One of the Fiesta Movement cars (European model)
This is part two of my interview with the Ford Fiesta’s brand manager, Sam De La Garza. You can catch part one of my interview by clicking here.
Ford expects its Fiesta Movement agents to log over 1,000,000 miles before the program concludes. That kind of mileage will get the Fiesta in front of a lot of potential customers and also allow Ford to capture a lot of feedback from its agents. Ford intentionally designed the program run a bit longer, six months instead of one or two, so that the agents would get past the honeymoon phase of new car ownership. What doesn't bother you during the first month or two of owning a car might drive you nearly insane a few months later. Combining the Fiesta Movement's agent feedback with data harvested from its 100,000 test drive program, Ford will better understand what its customers are looking for.
When the Ford Fiesta debuts next summer as a 2011 model, it will be offered in both sedan and five door hatchback models. A three door is a very remote possibility as Ford doesn't think there is enough demand. Normally, one would expect a sedan to pull in the lion's share of sales (70 to 80 percent) but De La Garza says that Ford is expecting the model mix of sedan/hatch to be almost 50/50. Ford thinks this will occur because customers will appreciate the utility of the hatch and let's face it, the hatch is a looker! All Fiesta's will sport around town with a 1.6L engine, but how about transmissions? Certainly there will be a manual, but more enticing is the prospect that the Fiesta will feature the recently announced dual-clutch PowerShift six-speed transmission with fuel saving dry clutch technology. It should be noted that Mr. De La Garza did not confirm the Fiesta will be PowerShift equipped, but he certainly didn't deny it and said that there would be an exciting announcement closer to the launch date of the Fiesta. You can do your own math on this one, but certainly this transmission would help Ford to achieve a class leading highway 40MPG (a stated goal of the program) and offer something unique in the segment. Stay tuned!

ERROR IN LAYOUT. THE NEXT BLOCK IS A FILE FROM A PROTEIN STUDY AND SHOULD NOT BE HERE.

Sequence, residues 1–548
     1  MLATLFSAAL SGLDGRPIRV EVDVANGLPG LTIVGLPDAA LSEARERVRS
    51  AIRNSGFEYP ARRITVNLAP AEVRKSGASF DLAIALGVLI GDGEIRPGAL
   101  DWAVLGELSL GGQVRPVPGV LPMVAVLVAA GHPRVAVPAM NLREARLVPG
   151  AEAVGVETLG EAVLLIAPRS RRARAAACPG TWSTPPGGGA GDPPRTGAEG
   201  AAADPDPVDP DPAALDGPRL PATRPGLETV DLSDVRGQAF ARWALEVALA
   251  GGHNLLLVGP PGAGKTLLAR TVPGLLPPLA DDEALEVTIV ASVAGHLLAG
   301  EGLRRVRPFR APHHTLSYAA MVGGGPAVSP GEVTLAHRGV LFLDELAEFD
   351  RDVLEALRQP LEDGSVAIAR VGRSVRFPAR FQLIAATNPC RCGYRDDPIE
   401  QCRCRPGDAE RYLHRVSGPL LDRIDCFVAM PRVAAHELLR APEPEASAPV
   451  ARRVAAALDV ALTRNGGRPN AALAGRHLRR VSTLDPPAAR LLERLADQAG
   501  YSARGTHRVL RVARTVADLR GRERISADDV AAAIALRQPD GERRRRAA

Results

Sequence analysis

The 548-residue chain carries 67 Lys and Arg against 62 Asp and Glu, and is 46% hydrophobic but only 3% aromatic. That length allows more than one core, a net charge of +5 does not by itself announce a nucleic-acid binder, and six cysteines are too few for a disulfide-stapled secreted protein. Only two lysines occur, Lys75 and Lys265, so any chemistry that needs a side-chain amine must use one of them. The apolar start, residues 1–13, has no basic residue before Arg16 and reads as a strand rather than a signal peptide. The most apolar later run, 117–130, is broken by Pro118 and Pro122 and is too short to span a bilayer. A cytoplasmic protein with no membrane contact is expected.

De La Garza said that no hybrid or diesel models are currently planned for the United States as Ford is focusing on EcoBoost. Could the Fiesta get the EcoBoost as a performance option? De La Garza wouldn't commit to this, but if you go to the 2011 Fiesta website, Ford asks buyers if they'd be interested in a turbo kit. With regards to a performance model, De La Garza did state that Ford is bringing over a couple of Fiestas to take on Pike's Peak International Hill Climb and that this could foreshadow Ford's performance intentions. Wink's as good as a nudge, if you catch my drift.
Ford will not be ripping out the Euro model's interior and replacing it with something much cheaper. De La Garza said that Ford wouldn't bait and switch customers, showing them one thing with the Fiesta Movement and then trying to sell them something drastically different. Instead, look for subtle changes to things like armrests and cup holders. SYNC will most definitely be available and Ford is also considering offering class unique items such as moonroofs and leather interiors. By featuring higher content, Ford can command a wider price range for its Fiesta and also meet consumer's demand for such luxuries. Pricing should fall into the $13,000 to $18,000 range with an average of $15,000. Of course, those numbers are not hard and fast, but if you look at the price range of the Toyota Yaris and Honda Fit, the Fiesta will play in the same space.